Serbia has great potential, especially in the wood industry, within which the Swiss company Daccomet operates. The main advantages of the Serbian market are primarily the price of energy and raw materials, followed by the proximity to the Western European market and relatively good infrastructure, whereas there’s room for improvement of the business environment by changing income taxation, implementing the existing laws and establishing new procedures.
The interview with Edin Dacic is part of the SSCC`s project to promote its member-companies. This is the first of the interviews with member-companies of the Swiss-Serbian Chamber of Commerce, through which the SSCC and our portal intend to promote the operations of Swiss companies in Serbia and emphasize the values and good business practices of the country and its companies.
Our interviewee says that this business association was formed as a result of the growing interest of the Swiss business community in Serbia in making the economic ties of the two countries stronger.
– In order to facilitate companies’ operations, the SSCC promotes and encourages establishing and developing dialogues, that is, the business connectivity of its members, official representatives of Switzerland and Serbia, and the world of business in a wider sense. The Chamber also strives to contribute to improving the local economic environment, and the activities on promoting the “Swissness” concept, the concept of Swiss values and knowledge, are also very important – Edin Dacic explains.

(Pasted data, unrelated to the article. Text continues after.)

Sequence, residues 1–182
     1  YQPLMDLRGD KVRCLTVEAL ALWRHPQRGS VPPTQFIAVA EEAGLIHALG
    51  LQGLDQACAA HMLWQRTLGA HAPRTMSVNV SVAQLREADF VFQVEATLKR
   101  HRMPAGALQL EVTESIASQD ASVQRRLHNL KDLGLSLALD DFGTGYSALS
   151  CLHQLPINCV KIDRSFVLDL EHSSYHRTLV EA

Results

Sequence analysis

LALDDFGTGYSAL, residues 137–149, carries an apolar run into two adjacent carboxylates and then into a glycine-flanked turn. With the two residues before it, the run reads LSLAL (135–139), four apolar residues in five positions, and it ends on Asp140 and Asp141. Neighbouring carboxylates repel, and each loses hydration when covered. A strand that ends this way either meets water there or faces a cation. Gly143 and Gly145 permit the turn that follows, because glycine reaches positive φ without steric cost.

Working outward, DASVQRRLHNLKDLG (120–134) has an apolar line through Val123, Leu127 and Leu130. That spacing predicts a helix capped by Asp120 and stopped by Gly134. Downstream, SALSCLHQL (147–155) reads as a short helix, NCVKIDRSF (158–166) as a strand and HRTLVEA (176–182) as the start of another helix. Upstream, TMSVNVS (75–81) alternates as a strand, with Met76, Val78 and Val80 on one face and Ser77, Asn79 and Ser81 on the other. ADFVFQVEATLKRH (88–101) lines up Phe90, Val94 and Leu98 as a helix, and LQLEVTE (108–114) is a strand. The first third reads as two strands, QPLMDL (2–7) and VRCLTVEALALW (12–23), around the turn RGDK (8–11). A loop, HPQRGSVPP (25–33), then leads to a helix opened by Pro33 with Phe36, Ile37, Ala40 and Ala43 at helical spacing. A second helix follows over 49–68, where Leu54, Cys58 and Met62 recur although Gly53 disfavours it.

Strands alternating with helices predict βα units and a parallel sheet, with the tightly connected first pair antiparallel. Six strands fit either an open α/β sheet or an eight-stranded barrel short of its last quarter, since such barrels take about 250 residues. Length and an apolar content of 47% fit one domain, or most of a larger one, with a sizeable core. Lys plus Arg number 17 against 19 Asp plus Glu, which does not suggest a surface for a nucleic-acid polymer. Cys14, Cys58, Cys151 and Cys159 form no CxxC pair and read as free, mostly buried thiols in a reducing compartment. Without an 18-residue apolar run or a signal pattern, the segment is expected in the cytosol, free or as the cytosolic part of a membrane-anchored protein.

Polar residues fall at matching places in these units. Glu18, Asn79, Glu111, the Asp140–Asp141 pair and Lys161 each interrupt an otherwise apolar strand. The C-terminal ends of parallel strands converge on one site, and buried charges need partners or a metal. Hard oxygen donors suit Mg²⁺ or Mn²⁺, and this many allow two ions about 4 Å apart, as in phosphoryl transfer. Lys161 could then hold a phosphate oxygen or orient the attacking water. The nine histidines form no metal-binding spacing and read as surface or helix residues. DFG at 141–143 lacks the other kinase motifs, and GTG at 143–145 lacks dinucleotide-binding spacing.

eKapija: In which areas of the local economic environment do you see room for further improvements?
– In my opinion, the biggest potential for improvement is in reducing the current difference between gross and net salaries. Making work more expensive through unrealistically high charges leads to employees being insufficiently interested in their work due to net salaries being too low, while, at the same time, those charges encourage and stimulate illegal work and the development of grey economy. There`s also room for improvement through simplifying administrative procedures.
eKapija: Which Swiss values are applicable in Serbia to the end of improving the economic activity?